With his Swiss bank accounts under investigation in Geneva and Madrid, the 82-year-old announced Monday he was leaving Spain to prevent his personal affairs from undermining his son King Felipe VI's reign — a move many analysts said may not be enough to revive the monarchy's fortunes.
State pollster CIS stopped measuring the popularity of the monarchy in 2015, after it dipped into negative figures following years of scandal.
But private polls show Spaniards are roughly equally split over whether their country should remain a monarchy or become a republic.
“The institution is in a very fragile situation,” Lluis Orriols, a political science lecturer at the University Carlos III of Madrid, told AFP. Just two decades ago the monarchy was Spain's most respected institution but it has ceased to generate consensus and instead “sparks ideological confrontations”, he added.
Older people and conservatives are more likely to back the monarchy, while younger people and leftists are more likely to oppose it, Orriols said.
Spain's former King Juan Carlos and his family | Gerard Julien / AFP
Lack of tradition
Unlike long-lived royal households elsewhere in Europe, Spain's monarchy “can't appeal to tradition” because the nation has centuries of practice at disposing of its monarchs, said Jaume Claret, a history professor at the Open University of Catalonia.
Two other former monarchs exiled themselves – Isabella II in the 19th century and Alfonso XIII in the 20th – while other reigns were disrupted by wars or replaced by short-lived republics and dictatorships.Most recently, General Francisco Franco re-established the monarchy after he took power following Spain's 1936-39 civil war.
Spain's monarchy also struggles to look useful or be a positive role model for citizens, two other pillars of modern European royal houses, Claret added.
Juan Carlos was lauded for helping Spain transition to democracy after Franco's death in 1975.
But a steady flow of embarrassing media stories about his past lifestyle and personal wealth have eroded his standing in recent years.
He abdicated in 2014, two years after he apologised to Spaniards for jetting off on an elephant-hunting trip in Africa with his mistress as Spain grappled with a financial crisis.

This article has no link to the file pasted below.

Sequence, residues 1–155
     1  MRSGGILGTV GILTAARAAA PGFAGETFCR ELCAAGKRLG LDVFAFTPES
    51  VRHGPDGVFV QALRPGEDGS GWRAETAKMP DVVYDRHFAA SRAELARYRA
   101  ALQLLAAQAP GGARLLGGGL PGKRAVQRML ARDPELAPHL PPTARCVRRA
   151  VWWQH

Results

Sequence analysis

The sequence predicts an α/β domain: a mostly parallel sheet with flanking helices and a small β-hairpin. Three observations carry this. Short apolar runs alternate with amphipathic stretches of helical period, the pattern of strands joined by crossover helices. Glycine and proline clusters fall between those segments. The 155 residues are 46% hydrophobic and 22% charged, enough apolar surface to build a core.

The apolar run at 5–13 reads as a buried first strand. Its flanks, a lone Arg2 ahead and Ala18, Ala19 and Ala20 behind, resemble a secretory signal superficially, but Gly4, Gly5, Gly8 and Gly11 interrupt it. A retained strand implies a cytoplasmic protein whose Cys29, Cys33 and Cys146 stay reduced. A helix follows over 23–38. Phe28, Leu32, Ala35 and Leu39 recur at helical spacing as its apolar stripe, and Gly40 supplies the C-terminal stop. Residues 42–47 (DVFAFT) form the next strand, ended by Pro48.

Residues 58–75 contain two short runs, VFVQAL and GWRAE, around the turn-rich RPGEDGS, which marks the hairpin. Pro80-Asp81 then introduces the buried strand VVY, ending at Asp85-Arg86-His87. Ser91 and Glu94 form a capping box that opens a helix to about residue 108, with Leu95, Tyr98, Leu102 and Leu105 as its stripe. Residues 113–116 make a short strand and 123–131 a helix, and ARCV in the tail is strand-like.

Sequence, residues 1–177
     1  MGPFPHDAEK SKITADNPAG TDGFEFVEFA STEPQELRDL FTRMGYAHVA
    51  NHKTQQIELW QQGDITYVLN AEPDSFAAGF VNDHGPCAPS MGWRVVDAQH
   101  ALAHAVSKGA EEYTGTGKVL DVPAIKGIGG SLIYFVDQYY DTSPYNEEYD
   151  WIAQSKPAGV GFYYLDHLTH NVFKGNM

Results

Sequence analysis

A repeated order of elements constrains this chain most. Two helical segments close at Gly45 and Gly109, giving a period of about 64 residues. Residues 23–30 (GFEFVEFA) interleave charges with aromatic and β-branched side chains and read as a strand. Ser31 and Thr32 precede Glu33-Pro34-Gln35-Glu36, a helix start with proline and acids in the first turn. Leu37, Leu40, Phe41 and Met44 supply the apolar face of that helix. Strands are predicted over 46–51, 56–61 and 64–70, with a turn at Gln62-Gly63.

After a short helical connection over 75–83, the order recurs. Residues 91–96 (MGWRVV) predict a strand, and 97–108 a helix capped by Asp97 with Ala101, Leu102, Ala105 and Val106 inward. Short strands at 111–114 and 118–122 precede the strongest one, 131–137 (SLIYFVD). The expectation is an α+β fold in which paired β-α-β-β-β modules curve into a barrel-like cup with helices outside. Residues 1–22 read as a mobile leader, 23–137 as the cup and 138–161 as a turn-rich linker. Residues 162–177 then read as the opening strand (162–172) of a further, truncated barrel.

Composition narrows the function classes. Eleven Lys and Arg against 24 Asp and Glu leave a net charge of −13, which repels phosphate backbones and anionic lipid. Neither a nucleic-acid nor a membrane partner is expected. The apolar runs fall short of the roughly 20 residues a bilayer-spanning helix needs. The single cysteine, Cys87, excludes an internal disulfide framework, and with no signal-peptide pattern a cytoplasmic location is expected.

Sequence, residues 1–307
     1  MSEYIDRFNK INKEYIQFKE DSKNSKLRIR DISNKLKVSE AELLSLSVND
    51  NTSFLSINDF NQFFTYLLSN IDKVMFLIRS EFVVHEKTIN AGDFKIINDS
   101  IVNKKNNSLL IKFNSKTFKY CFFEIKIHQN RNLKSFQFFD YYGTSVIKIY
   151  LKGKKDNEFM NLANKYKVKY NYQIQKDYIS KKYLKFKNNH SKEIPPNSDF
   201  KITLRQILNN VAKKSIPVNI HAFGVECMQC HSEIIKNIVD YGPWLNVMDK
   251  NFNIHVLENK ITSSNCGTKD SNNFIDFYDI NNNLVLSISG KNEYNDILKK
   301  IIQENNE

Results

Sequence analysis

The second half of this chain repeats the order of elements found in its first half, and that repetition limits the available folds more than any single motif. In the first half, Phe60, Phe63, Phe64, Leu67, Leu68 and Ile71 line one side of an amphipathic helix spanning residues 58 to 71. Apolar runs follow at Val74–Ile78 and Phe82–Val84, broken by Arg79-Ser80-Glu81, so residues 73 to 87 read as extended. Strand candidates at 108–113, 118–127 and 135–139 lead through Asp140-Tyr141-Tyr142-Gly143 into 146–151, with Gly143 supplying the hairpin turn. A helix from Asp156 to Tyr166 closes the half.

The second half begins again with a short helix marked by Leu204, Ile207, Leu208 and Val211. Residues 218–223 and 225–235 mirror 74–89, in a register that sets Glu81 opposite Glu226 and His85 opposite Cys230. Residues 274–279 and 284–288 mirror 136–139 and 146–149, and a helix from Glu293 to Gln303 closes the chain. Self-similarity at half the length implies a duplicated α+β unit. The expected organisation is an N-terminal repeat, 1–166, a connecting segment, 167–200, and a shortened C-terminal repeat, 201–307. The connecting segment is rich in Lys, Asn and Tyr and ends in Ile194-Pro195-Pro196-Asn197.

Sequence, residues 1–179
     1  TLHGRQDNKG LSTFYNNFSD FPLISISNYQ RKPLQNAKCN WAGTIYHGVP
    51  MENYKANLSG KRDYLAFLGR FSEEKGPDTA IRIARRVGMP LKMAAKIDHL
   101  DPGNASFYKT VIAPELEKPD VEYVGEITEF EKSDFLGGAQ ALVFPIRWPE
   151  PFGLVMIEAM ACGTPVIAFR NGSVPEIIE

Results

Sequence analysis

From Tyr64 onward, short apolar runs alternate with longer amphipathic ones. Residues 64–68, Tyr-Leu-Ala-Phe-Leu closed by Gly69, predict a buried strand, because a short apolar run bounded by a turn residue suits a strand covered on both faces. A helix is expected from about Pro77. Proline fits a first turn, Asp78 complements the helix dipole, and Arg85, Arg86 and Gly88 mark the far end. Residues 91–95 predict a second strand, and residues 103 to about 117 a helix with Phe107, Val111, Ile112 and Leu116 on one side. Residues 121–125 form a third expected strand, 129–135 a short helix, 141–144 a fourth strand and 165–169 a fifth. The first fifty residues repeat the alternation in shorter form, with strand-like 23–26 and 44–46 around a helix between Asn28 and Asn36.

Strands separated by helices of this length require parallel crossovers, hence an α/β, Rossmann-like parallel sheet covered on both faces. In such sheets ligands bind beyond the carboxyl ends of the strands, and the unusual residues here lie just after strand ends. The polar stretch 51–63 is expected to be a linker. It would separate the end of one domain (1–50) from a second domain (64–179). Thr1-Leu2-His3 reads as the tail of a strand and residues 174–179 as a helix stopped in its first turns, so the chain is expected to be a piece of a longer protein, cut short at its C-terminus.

Juan Carlos' son King Felipe VI has since taken steps to improve the monarchy's image, such as imposing a “code of conduct” on royals.
Earlier this year he stripped his father of his allowance after new details of allegedly shady financial dealings emerged.
King Felipe VI with his father ex-King Juan Carlos | Jaime Reina / AFP
While polls now show that a majority of Spaniards want a referendum on the future of the monarchy, Spain's 1978 constitution makes it virtually impossible for Spain to become a republic.
Any proposal to change Spain's parliamentary monarchy system would have to be approved by two-thirds of the lower house, and then parliament would have to be dissolved and fresh elections held.
Two-thirds of the new parliament would have to ratify the same motion before it would go before the Spanish public in a referendum.
The monarchy has “armor-clad” protection in the constitution, said Alberto Lardies, a journalist who has written several books about the Spanish monarchy. And Spain's two main parties, the Socialists and the conservative Popular Party, both back the monarchy, he added.
The institution is also “superprotected” by the media, which for decades cast Juan Carlos in a positive light and is now treating his son Felipe the same way, Lardies said.
Luis Placios Banuelos, a history professor at Madrid's King Juan Carlos University, said those who oppose the monarchy “lack power and the ability to influence to change the situation”. But he added that that does not mean that the royal woes won't be harnessed by “populists and separatists”.
Far-left party Podemos, the junior partner in Spain's Socialist-led coalition government, and separatist and nationalist formations in Catalonia and the Basque Country have been highly critical of Juan Carlos.